Sunday, April 09, 2006

eddie would go

originally written for the USC Triathlon Newsletter 04-09-06

In the winter of 1967, the legendary North Shore of Waimea Bay experienced one of the greatest seasons in big wave surfing. At the start of the annual big wave season, a unknown boy by the name of Eddie Aikau appeared and asked to be allowed to join the other surfers. He proceeded to stun the assembled crowd of professionals by charging fearlessly down the 40-foot waves. That day, the story of Eddie began.

Eddie Aikau was a native Hawaiian who had learned to surf using a heavy redwood board with his father. A high school dropout, he had been known in the local community as an aimless itinerant with no apparent sense of direction.

With that day in 1967, however, he appeared to find his calling. He quickly earned a reputation as one of the hardest chargers in big wave surfing, earning a string of big wave championships, including the 1977 Duke Kahanamoku Invitational. Eventually, his reputation solidified as he became the first lifeguard of Hawaii's North Shore, and in 1971 was named Lifeguard of the Year.

As Eddie matured, he began to seek some resolution of his identity, and sought to find some meaning in his life through an understanding of his Hawaiian heritage. As part of this, he sought to act as a peace-broker among surfers, hoping to see the North Shore become a haven for the aloha spirit among big-wave surfers. Following the death of his brother Gerald following Vietnam, Eddie also began to explore the spiritual roots of Hawaiian culture, and became a leader in the Hawaiian Renaissance movement.

In 1978, Eddie joined the Polynesian Voyaging Society expedition, which sought to assert Hawaii's heritage of seafaring navigation by launching a traditional 2-hull canoe and sailing 2,500 miles to Tahiti using traditional Hawaiian navigation techniques and ancient Polynesian sailing routes. However, a freak Northwesterly arose, and in the storm the boat capsized approximately 12 miles south of Molokai. Crew members found themselves clinging to a capsized canoe, miles from the nearest sea lane.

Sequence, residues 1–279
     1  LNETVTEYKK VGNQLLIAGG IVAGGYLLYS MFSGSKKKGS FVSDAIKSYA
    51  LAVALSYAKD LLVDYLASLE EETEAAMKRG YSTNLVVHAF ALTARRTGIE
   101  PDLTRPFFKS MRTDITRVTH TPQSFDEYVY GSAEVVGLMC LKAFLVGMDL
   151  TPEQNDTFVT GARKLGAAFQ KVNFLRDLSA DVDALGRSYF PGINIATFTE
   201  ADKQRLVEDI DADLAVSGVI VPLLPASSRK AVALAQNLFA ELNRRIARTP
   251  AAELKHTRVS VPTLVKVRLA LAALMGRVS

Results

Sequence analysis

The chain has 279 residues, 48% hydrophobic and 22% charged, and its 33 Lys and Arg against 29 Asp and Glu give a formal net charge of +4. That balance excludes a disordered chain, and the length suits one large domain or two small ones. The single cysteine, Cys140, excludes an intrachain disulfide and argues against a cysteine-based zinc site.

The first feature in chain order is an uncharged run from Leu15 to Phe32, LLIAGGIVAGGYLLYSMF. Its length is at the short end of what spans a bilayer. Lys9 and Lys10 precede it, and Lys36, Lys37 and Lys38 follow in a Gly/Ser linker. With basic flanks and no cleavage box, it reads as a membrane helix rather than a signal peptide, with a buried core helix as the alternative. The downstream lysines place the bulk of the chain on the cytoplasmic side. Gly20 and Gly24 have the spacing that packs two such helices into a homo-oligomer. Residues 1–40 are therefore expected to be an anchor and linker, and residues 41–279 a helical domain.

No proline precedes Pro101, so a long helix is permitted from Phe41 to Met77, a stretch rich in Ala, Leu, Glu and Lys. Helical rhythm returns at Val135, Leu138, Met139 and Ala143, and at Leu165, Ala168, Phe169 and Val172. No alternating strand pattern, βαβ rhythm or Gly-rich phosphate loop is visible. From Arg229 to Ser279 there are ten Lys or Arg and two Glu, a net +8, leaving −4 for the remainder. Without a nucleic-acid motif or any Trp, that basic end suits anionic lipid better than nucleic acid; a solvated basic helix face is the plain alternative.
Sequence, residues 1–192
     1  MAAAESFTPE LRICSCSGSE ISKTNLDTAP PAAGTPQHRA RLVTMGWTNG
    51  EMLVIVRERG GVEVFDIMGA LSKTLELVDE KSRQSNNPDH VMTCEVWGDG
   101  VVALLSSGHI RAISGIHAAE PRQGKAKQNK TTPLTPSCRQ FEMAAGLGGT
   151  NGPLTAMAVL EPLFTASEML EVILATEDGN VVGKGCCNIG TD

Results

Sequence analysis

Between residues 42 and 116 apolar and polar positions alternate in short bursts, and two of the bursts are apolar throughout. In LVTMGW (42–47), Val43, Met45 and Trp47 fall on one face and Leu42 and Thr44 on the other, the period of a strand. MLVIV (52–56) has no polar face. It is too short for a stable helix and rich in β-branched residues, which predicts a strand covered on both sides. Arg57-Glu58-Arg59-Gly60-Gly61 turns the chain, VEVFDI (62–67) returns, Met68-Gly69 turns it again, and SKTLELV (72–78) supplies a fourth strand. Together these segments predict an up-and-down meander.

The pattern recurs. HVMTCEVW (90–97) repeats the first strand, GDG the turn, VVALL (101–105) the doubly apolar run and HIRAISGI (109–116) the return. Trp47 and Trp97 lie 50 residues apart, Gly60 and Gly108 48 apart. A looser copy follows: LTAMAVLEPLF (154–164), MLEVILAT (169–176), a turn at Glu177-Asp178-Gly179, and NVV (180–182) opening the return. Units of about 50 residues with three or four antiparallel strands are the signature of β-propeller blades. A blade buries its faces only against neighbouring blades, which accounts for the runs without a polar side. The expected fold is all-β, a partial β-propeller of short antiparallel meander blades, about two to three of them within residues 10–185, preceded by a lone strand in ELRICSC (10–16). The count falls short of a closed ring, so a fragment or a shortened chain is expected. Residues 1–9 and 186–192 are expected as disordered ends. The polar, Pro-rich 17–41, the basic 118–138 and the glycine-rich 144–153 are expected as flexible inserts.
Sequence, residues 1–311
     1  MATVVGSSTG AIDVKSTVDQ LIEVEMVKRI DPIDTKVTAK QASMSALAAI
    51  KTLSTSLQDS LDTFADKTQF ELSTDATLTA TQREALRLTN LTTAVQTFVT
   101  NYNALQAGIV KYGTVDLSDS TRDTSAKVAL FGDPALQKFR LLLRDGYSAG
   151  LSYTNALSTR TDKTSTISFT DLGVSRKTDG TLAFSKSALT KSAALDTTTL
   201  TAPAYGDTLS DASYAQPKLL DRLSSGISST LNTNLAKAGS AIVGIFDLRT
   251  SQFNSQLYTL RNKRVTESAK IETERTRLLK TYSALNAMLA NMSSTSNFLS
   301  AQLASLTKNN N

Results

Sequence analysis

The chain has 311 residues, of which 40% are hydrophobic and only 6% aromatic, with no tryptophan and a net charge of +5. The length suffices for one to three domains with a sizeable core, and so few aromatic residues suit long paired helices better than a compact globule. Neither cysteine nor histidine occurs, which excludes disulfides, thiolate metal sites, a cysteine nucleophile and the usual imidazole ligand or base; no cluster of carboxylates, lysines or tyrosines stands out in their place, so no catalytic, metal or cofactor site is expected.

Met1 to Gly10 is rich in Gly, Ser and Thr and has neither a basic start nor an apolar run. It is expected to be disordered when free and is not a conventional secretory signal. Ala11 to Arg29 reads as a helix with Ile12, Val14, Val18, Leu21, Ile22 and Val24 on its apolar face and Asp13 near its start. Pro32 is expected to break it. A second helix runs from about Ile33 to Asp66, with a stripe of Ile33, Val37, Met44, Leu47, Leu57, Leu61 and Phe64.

Eddie, recognizing the situation, volunteered to unleash his surfboard from the canoe and paddle to Lanai to find help. Believing himself to have the strength to make the distance, also believing in his own spiritual connection to the ocean, he volunteered 3 times. On his 3rd request, the expedition's leader relented. Eddie promptly mounted his surfboard and began paddling through the storm.

He was never heard from again.

Hours later, the boat crew was rescued when a passing plane spotted them in the water. Immediately after, Hawaii launched the largest air and sea rescue effort in its history to find Eddie. But he had been lost to the sea.

His family, along with the native Hawaiian community, later said that consistent with his spiritual beliefs, Eddie had been called by elements of nature, and his heart had been returned to the sea and his soul restored to the mana of the earth. In the years following his disappearance, his name became legend, and the legend grew into myth.

Now, throughout Hawaii, whenever a challenge arises, whenever someone finds themself facing dire conditions, whenever a person is seized by the sudden paroxysm of fear produced by the sight of the awesome face of danger, people will look at each other, and nod in determination, and say: EDDIE WOULD GO.

Triathlon traces part of its origins to Hawaii. Ironman began in Oahu, and grew on the Kona Coast of Hawai'i. In honor of its Hawaiian roots, and in honor of Eddie Aikau, we call upon Eddie's memory and tell you as well: EDDIE WOULD GO. Whenever you're seized by fear at the start of a swim wave. Remember: EDDIE WOULD GO. Whenever you're numb pondering the prospect of the bike ride. Remember: EDDIE WOULD GO. Whenever you're staggering, and wondering if you should even begin the run. Remember: EDDIE WOULD GO. No matter what the conditions, no matter how tough the terrain. Remember: EDDIE WOULD GO. No matter how tough things get. Remember: EDDIE WOULD GO. No matter what chaos, what challenge, what storm is upon you: EDDIE WOULD GO.

In the nam
e of Ironman: EDDIE WOULD GO.

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